LONDON (Reuters) - Britain expects the cost of handling the waste and decommissioning of a new generation of nuclear reactors to add about one percent to the cost of power produced, a source familiar with government thinking said.
And the amount trickling down to consumers’ bills will be smaller still.
Ministers are expected to give the go-ahead to a new generation of nuclear power stations on Thursday after Prime Minister Gordon Brown pledged last week to “take the difficult decisions on energy security”.
His spokesman said on Monday that nuclear operators would have to set aside funds to cover the full costs of decommissioning plants at the end of their lives as well as the cost of handling radioactive waste.
Like any other cost, that will trickle down to electricity bills, but it will be “very small indeed”, the source told Reuters.
“One pound per megawatt hour will probably be a very generous estimate of the knock-on costs,” said the source. “And an estimate of two pounds would be outrageously over the top.”
The baseload electricity price was 61 pounds per megawatt hour on Tuesday, meaning that the cost of dealing with waste and decommissioning could add between 1.6 and 3.2 percent to the cost of electricity from nuclear at the very highest estimates.
Nuclear energy currently accounts for just one-sixth of the country’s electricity, so any impact on the public’s electricity bills would be smaller still, and tiny compared to the impact of rising gas costs.
Ministers have repeatedly stressed the importance of reducing Britain’s reliance on imported gas, which fluctuates with oil prices and regularly impacts bills.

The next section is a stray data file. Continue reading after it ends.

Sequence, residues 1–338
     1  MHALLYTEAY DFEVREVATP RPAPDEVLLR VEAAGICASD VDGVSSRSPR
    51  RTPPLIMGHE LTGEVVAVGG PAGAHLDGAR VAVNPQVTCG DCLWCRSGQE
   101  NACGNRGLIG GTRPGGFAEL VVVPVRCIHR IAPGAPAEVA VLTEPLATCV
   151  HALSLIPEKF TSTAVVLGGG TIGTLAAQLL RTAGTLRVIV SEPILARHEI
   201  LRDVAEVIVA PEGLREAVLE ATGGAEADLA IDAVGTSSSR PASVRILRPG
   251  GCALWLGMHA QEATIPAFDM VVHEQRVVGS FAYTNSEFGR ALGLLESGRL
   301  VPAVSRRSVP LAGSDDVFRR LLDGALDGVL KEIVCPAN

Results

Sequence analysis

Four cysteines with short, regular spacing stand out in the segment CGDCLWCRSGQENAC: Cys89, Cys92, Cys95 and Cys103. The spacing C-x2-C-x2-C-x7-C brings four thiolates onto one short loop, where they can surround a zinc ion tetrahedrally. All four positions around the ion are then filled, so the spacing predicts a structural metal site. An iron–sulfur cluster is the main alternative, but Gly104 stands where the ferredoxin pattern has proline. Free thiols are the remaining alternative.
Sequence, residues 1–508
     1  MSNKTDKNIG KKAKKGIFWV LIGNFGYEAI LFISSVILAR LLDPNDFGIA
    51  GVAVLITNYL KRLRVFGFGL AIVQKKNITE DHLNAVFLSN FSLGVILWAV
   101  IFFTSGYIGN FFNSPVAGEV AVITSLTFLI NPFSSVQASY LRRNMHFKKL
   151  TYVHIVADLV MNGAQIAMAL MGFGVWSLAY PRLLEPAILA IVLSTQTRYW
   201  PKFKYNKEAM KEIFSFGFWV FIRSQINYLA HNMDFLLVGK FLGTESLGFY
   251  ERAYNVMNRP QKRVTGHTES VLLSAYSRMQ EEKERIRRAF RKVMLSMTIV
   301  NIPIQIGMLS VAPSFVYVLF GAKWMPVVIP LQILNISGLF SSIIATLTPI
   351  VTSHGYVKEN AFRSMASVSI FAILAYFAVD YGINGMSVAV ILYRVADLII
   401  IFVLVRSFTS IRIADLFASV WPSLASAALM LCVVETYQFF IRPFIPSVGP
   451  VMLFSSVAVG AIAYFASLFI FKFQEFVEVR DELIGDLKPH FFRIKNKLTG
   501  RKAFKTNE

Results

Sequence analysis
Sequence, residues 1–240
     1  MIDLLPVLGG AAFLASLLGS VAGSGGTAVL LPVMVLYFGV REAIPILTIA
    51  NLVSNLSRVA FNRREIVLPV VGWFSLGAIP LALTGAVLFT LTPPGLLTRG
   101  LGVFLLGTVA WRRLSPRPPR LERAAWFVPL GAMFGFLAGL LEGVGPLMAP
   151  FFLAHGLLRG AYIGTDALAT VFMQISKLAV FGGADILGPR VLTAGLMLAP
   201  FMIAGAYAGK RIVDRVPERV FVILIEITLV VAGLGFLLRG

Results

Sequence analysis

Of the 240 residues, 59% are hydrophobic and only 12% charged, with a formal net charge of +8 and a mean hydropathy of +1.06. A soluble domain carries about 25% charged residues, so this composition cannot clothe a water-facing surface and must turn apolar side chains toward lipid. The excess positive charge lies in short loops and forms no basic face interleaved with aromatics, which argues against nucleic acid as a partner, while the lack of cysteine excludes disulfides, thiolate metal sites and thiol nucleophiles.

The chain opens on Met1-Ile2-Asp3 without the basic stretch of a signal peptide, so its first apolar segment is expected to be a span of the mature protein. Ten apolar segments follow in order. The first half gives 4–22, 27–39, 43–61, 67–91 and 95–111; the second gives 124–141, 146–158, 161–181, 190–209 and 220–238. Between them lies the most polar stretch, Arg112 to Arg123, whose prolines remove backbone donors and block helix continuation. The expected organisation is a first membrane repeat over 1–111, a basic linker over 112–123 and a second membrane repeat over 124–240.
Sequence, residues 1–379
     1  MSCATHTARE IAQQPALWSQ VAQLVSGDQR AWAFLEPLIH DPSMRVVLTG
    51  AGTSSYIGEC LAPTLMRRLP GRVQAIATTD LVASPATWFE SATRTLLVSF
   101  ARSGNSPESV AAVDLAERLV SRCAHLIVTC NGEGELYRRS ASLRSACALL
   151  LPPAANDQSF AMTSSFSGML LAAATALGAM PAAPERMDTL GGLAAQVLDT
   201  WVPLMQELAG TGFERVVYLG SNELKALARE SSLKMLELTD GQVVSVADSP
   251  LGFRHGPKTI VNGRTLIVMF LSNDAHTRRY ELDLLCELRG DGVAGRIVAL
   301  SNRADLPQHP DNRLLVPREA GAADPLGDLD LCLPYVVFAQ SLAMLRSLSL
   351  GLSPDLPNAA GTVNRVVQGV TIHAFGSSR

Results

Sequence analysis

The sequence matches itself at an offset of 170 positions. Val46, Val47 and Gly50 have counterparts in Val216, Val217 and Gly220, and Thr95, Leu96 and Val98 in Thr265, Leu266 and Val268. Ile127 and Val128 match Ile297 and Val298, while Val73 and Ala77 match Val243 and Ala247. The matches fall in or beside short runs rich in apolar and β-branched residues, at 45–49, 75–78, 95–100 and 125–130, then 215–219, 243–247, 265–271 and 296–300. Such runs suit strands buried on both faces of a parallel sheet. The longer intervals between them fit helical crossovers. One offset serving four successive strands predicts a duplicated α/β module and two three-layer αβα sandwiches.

Last week, German utility RWE said it was putting electricity prices up by an average of 12.7 percent, after wholesale gas prices rose by around 60 percent in the last year.
Nuclear is also less susceptible to swings in commodity prices than gas, which is used to generate about 40 percent of power.
Gas accounts for about three quarters of the cost of electricity generated from it, while uranium represents a mere 5 percent of the total cost of generating nuclear power, so uranium costs can double with little impact.
The first new nuclear plant is expected to break even with electricity at an average price of 37.5 pounds per megawatt hour, falling to 31.2 pounds for the second, according to government figures from the 2006 energy review.
The public has little to fear from variations in the cost of nuclear waste and decommissioning, with the worst case scenario adding only 36 pence per megawatt hour to the breakeven price, said the source -- still well below current baseload price of 61 pounds.
The government is keen to find new sources of CO2-free baseload power to help it meet ambitious climate change goals.
Other carbon-free technologies struggle to compete economically with nuclear, with the cost of waste and decommissioning about one fourteenth of the cost of capturing and storing the CO2 pollution emitted from coal-fired power stations.
The other big cost will be building the nuclear power stations at around 1.6 to 1.7 billion pounds per plant, but British Energy says it has no shortage of firms lining up to form partnerships.
Reporting by Pete Harrison; Editing by Jason Neely
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